There’s Patrick Carberry the writer, and then there’s Patrick the Intern. The latter has been a recurring character on The Encyclopedia Show, an award-winning literary variety show at Stage 773 in Chicago. Carberry describes the character he created as “a man-child who can’t do a whole lot” — except to serve as a hilarious vehicle for Carberry’s short works of comedic fiction.
The Encyclopedia Show was founded as a humorous, less competitive alternative to the poetry slam scene. Local artists present work on a theme — serial killers, floods, cheerleaders — juxtaposed with real experts on the topic. The show recently ended a successful six-year run. But it has been only one part of Carberry’s writing career, which will soon include a master of fine arts degree from Northwestern University School of Professional Studies (SPS).
Carberry grew up surrounded by books and developed an interest in the performative aspect of literature, such as reading aloud, storytelling and plays. He earned a bachelor of English at Illinois State University, where his speech team won the American Forensic Association’s national tournament in 2005, and he won an individual event, program oral interpretation, in 2006. Carberry went on to earn a master of English and then returned to Chicago to teach writing part time in local colleges. While working on the show and teaching, Carberry was also publishing his work in small journals such as SmokeLong Quarterly and Pank. But he was ready to do more.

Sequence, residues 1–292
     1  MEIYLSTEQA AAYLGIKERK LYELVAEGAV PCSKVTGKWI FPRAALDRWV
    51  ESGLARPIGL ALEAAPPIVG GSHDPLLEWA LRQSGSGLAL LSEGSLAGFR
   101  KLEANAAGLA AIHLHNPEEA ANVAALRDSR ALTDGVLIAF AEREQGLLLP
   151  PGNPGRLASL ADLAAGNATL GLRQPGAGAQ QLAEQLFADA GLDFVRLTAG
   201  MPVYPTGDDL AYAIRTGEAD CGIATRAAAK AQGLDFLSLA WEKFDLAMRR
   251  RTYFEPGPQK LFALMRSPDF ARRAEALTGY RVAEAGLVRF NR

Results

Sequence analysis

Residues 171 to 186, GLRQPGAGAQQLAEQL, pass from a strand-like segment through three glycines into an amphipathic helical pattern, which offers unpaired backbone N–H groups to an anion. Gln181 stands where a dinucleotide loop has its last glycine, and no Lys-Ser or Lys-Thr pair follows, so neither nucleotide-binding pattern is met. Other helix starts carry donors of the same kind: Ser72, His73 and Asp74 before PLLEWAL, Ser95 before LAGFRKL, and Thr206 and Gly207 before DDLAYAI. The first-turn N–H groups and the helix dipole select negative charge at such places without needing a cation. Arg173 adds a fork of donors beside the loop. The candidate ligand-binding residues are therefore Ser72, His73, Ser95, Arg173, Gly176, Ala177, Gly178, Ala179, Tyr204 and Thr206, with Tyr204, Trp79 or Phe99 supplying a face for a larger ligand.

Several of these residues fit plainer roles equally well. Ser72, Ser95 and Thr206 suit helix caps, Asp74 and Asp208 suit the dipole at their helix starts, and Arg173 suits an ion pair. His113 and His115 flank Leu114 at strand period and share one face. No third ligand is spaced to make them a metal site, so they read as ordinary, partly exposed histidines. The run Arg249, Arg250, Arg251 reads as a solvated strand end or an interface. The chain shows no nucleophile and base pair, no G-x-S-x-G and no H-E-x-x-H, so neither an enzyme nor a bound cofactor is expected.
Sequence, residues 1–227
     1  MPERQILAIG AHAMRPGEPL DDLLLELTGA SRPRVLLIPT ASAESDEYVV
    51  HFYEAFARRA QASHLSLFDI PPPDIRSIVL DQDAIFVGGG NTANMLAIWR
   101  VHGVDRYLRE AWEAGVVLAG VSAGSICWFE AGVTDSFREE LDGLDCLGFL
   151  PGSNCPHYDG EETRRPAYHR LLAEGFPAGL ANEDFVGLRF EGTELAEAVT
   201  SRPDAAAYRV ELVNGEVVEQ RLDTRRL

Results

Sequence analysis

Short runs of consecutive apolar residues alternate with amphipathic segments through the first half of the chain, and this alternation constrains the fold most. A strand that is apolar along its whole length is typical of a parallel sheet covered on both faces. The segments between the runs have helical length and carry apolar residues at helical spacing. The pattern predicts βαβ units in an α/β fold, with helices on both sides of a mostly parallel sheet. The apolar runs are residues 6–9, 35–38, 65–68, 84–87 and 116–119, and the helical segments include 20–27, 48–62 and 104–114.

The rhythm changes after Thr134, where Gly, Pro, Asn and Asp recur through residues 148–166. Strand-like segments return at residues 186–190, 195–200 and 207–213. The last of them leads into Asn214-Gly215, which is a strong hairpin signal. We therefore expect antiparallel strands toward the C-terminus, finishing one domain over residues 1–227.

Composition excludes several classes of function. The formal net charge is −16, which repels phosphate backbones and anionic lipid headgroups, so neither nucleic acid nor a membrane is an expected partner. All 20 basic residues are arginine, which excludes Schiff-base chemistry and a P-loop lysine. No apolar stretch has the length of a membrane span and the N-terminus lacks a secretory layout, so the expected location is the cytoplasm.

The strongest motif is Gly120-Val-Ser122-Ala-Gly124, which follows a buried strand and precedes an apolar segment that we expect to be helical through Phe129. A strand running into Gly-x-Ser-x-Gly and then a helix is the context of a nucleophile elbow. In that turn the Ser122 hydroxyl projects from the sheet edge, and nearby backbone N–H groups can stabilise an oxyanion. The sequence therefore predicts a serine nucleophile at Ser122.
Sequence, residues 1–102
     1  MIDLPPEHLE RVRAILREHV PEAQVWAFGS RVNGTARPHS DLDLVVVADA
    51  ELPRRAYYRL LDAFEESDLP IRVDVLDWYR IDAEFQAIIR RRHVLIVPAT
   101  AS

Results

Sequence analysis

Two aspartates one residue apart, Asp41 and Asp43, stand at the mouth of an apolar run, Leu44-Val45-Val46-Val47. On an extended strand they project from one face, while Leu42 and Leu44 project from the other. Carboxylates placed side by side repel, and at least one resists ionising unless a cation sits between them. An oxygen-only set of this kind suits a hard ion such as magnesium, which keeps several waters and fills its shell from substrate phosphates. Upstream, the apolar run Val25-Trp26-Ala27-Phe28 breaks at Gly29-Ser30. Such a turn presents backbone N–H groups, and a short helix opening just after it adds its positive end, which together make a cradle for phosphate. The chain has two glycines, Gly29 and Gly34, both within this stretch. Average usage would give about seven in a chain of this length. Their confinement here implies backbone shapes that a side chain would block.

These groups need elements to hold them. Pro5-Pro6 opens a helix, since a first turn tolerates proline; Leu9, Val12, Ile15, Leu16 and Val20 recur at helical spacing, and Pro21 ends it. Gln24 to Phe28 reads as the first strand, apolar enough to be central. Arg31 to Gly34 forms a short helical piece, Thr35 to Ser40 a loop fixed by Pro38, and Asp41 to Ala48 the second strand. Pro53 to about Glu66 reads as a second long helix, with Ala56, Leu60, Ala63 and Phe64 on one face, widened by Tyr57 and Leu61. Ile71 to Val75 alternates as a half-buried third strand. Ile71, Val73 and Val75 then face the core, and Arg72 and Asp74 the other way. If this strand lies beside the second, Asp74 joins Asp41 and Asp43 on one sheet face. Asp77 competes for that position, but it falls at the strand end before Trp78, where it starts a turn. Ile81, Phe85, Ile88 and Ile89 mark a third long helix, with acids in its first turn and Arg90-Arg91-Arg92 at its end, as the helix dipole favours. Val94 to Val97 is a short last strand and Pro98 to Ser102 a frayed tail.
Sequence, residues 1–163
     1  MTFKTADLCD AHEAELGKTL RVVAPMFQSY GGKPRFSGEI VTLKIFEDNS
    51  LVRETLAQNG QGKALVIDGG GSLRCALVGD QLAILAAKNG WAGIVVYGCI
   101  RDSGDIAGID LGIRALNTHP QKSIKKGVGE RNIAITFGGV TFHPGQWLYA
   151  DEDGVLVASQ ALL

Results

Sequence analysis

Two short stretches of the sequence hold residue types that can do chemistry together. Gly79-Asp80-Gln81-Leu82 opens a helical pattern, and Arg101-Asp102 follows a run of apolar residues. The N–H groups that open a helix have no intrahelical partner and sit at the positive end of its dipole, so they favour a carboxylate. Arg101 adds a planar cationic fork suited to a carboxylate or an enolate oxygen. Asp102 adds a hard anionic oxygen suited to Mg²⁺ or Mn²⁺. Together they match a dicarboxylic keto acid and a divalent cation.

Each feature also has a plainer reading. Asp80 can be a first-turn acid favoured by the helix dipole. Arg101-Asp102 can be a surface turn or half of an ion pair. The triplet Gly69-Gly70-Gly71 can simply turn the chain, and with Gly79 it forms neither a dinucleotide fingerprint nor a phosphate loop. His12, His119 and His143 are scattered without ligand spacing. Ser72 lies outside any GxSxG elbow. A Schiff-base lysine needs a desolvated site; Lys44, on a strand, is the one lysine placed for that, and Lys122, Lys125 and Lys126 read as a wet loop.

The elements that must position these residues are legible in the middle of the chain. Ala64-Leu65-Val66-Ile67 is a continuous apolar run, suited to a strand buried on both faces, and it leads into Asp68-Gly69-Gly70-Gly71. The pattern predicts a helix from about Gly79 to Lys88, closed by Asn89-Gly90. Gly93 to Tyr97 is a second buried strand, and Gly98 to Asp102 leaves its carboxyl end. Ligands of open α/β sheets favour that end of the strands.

“I was already immersed in the local writing scene,” he says. “But I wanted to take my writing more seriously and position myself for full-time teaching. I knew that with real deadlines and a sense of urgency I could accomplish more.”
Carberry credits SPS’s workshop model and his instructors, especially writer Steve Amick, with helping him define his voice, push past his comfort zone, and take on an ambitious thesis project — his first novel. “Steve’s approach and dedication has been wonderful, and a workshop environment that’s honest helps you see how real, serious readers view your work,” he explains. “In one workshop a student said, ‘that must be a Carberry story.’ It probably wasn’t meant as a compliment, but I took it as one. In the MFA program, you can find your voice, a style that is unmistakably you.”